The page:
Guided most by a desire for security, Rosalie marries a white farmer with whom she has a son, Tommy; cultural tensions define the next two decades of her life as she navigates being a Native woman in a white, Christian town that shuns her, despite being built on her ancestral home.
Upon her husband’s death, Rosalie returns to the abandoned cabin she once shared with her father. Reconnecting with family friends and relatives, including her great aunt Darlene, Rosalie finds that the home that she was denied never stopped waiting for her, dormant beneath the soil, ready to spring forth.
The cyclical nature of trauma is a core theme: Rosalie’s grandmother was kidnapped as a child and taken to a state boarding school; the abuse she endured left scars that she transferred to her daughter, Agnes, who committed suicide. Rosalie chafes against her husband’s profit-driven farming practices and his desire to suppress Tommy’s Native heritage, discouraging her from teaching him the traditional growing practices that were passed down to her. As an adult, Tommy is also caught between two poles: honoring his late father’s wishes, and respecting his mother’s roots.
With a focus on women who carry the scars of the past alongside hope for the future, The Seed Keeper is a profound novel about resilience and rebirth.
DANIELLE BALLANTYNE (February 27, 2021)
Two sisters find very different destinies in Francesca G. Varela’s novel Blue Mar.
Laurel and Paloma have never been to El Salvador, where their beloved Abuelo grew up; gang wars fueled by climate change have made Central America too dangerous to visit. After Abuelo’s unexpected death, they decide to go anyway. While spending the summer on their family’s farm—now endangered by flooding and extreme weather—both women find new perspectives on climate change, and new dreams to fight for.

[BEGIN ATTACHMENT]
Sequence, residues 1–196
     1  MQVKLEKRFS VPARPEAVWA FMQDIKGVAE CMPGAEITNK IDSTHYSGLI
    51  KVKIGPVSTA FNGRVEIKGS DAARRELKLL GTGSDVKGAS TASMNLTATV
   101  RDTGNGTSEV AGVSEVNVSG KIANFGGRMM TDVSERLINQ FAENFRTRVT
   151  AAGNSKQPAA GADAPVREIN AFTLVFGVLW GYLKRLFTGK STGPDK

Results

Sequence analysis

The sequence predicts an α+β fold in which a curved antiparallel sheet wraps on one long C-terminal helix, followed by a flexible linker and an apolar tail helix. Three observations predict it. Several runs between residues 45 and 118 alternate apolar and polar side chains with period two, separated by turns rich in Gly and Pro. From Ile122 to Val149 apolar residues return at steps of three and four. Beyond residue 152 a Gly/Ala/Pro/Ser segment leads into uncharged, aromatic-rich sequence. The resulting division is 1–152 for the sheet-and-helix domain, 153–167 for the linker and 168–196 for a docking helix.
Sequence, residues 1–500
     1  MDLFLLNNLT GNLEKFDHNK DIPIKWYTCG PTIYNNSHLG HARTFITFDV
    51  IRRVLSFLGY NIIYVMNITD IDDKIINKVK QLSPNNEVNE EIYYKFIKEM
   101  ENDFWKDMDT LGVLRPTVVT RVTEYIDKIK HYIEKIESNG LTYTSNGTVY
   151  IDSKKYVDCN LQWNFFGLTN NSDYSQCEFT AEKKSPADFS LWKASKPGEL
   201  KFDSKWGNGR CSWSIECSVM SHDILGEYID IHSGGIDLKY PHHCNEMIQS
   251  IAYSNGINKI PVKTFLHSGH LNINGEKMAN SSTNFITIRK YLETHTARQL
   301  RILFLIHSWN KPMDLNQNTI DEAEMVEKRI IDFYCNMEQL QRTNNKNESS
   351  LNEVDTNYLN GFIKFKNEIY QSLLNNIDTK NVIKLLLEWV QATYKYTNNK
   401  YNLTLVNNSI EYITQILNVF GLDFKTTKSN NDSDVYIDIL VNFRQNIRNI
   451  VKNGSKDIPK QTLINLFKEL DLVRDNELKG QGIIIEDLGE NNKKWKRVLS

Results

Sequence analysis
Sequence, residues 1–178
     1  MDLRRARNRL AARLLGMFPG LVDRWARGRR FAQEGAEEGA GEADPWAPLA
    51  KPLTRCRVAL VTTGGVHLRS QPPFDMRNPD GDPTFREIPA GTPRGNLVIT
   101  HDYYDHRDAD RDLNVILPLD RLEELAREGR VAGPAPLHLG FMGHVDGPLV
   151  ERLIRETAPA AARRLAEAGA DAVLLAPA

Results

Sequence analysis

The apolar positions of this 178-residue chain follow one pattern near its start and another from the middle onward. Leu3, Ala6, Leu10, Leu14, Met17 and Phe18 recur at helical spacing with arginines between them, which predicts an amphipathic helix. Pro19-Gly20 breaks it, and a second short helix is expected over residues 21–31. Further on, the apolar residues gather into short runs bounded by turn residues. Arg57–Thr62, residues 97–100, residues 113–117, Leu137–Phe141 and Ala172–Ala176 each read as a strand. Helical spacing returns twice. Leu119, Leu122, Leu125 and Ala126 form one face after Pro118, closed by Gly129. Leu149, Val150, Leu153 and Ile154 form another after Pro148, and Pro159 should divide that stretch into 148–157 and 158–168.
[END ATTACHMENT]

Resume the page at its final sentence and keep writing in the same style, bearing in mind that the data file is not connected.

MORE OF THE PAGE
The relationship between Laurel and Paloma is complex. While not estranged, they struggle to connect. Laurel is enthralled by a corporation’s failed attempt to turn plastic waste into an island resort, and how the place has become a rallying point for environmental activists seeking to build a self-sufficient utopia. Meanwhile, Paloma, who thought she had her future all figured out, now questions her plans in light of worsening climate change. The gap between the sisters widens thanks to their differing views on cultural identity, the human toll of climate change, and what humans owe to each other and the world.
The story’s poignancy is enhanced by its familiarity: though set in an unspecified future, the picture it paints of a world choking on plastic, droughts, wildfires, new diseases, and rising ocean levels is an eerie echo of current events. The world Laurel and Paloma inhabit—and the decisions they make—will very soon be a reality for too many people. Blue Mar’s ultimate message, however, is not one of despair. On the contrary, it shows that, even in hopelessness, there is hope—but it must be earned, not given.
Filled with poetic turns of phrase and foreboding visuals, Blue Mar is a science fiction novel about awakening to the reality that everyone is responsible for humanity’s well-being.
EILEEN GONZALEZ (February 27, 2021)